Then there are the local transport problems that will be aggravated in an already very congested area of central Croydon. A local mother has told me: “My children wait for the bus to school further up London Road and often can’t get on at all as every bus is packed full – and that’s now. There will be hardly any parking for parents and visitors and this will be yet another cramped school with hopelessly inadequate space around it but no parks anywhere nearby for sport, which other sites with similar issues do at least have… all before the flood risk and possible toxic stuff on site have been considered.”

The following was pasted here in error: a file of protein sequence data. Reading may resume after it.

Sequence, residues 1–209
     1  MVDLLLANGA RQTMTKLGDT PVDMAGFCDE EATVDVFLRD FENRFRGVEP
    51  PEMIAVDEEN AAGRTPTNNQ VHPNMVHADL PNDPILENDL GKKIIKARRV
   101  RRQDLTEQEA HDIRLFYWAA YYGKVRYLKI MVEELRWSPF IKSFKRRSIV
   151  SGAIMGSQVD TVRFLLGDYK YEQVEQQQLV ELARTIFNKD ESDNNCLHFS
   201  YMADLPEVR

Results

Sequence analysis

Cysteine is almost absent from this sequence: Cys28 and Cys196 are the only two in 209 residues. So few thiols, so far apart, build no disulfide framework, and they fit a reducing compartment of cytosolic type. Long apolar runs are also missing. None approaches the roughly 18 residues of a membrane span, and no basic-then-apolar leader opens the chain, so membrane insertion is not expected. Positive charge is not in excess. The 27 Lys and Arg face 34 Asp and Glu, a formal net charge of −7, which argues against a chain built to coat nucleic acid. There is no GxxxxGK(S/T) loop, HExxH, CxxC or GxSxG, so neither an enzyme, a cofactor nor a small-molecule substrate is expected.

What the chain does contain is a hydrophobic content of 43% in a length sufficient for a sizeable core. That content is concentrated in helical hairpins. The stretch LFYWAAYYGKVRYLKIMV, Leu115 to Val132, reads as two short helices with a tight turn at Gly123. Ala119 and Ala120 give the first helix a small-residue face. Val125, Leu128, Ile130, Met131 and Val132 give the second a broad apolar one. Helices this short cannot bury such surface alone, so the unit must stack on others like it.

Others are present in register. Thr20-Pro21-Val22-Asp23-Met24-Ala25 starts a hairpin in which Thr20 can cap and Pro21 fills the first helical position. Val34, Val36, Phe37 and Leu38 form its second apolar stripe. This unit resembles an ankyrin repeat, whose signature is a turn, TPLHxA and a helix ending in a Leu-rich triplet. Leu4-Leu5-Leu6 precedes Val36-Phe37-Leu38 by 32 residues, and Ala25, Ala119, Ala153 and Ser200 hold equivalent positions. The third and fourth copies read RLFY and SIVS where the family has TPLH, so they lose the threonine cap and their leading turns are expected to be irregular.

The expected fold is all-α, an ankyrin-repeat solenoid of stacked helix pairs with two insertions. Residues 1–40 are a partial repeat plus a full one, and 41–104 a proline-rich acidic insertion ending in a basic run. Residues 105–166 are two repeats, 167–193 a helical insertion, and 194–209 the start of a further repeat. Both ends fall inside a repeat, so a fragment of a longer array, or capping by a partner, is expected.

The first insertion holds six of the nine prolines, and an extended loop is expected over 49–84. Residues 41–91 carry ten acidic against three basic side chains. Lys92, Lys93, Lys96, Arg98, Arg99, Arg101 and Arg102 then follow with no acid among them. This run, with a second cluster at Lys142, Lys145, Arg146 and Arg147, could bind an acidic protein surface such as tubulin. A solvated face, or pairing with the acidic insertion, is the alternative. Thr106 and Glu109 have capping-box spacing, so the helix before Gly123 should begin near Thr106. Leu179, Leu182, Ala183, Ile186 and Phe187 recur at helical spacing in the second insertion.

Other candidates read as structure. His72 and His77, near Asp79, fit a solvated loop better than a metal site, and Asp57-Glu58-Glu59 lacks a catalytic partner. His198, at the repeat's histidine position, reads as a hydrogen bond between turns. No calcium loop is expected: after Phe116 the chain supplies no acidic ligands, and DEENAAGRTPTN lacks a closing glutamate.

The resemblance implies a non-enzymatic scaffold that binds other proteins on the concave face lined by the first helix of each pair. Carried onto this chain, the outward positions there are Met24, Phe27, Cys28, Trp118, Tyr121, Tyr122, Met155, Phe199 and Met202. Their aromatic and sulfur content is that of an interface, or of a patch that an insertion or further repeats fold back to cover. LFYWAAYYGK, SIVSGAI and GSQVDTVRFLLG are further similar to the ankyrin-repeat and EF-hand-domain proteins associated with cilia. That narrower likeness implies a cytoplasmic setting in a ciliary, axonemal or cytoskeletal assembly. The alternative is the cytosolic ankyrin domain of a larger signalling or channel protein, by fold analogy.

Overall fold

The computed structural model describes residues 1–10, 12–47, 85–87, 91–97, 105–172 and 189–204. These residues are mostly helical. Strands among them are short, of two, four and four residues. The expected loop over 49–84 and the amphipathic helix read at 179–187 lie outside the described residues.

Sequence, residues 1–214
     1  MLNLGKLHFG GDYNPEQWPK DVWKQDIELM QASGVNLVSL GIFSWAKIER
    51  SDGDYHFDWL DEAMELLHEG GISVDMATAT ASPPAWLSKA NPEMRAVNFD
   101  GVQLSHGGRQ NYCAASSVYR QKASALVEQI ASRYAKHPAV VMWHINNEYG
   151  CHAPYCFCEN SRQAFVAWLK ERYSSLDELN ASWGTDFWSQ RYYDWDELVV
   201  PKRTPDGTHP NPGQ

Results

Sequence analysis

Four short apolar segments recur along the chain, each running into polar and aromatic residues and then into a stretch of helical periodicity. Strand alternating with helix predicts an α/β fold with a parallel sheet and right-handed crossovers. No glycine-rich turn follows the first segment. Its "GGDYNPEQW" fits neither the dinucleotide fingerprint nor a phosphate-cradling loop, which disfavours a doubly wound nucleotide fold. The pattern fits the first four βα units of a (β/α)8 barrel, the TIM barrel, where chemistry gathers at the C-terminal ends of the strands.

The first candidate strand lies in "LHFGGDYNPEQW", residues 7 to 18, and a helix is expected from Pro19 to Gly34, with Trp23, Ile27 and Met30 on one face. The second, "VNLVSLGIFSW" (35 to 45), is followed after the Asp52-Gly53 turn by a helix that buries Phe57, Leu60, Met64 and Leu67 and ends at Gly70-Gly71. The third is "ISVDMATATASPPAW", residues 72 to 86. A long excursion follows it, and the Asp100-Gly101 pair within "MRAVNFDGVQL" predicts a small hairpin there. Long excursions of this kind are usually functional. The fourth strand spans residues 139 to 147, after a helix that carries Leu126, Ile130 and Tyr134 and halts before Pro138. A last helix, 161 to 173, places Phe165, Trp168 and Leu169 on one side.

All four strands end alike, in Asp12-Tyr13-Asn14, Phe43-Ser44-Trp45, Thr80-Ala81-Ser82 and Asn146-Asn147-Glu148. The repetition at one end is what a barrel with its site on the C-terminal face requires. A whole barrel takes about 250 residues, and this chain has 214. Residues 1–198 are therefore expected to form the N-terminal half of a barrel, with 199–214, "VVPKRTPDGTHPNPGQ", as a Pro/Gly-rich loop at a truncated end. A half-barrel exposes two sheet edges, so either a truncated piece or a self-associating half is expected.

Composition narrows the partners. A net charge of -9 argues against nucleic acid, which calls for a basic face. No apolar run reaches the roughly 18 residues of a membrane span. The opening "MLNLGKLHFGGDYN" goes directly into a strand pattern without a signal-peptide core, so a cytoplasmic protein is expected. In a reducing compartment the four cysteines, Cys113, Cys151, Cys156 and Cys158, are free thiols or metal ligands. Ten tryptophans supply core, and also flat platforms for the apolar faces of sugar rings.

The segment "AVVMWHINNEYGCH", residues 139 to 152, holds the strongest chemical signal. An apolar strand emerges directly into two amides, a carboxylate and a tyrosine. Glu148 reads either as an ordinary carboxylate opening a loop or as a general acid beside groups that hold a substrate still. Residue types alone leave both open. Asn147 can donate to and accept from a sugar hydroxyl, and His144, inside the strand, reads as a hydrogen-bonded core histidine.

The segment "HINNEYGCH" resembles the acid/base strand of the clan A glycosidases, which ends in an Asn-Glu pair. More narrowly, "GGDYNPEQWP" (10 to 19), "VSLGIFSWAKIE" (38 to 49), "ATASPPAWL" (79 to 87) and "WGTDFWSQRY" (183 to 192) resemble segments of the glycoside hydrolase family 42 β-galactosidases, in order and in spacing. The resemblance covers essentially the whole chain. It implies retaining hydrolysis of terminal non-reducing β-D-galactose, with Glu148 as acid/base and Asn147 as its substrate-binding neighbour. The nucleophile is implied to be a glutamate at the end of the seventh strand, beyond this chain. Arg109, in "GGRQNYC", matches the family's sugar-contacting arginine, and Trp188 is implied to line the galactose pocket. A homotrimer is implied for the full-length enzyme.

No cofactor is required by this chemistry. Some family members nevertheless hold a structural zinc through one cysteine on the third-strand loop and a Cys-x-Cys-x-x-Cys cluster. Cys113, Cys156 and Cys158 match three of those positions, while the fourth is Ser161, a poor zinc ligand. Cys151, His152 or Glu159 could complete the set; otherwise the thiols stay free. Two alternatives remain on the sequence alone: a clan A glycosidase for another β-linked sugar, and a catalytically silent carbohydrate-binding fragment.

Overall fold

The Thursday planning committee will also be considering a pre-application presentation on the Norbury police station building in London Road, on which members of the public have no speaking rights. They can ask to speak on the ridiculous Boxpark scheme next to East Croydon station – ridiculous because it is going to be devoted to food (hence competing with other parts of the existing town centre offer), does not include a new visitor centre, and does not offer temporary units for the non-food businesses which have to move out of the Whitgift Centre.

Sean Creighton

Sean Creighton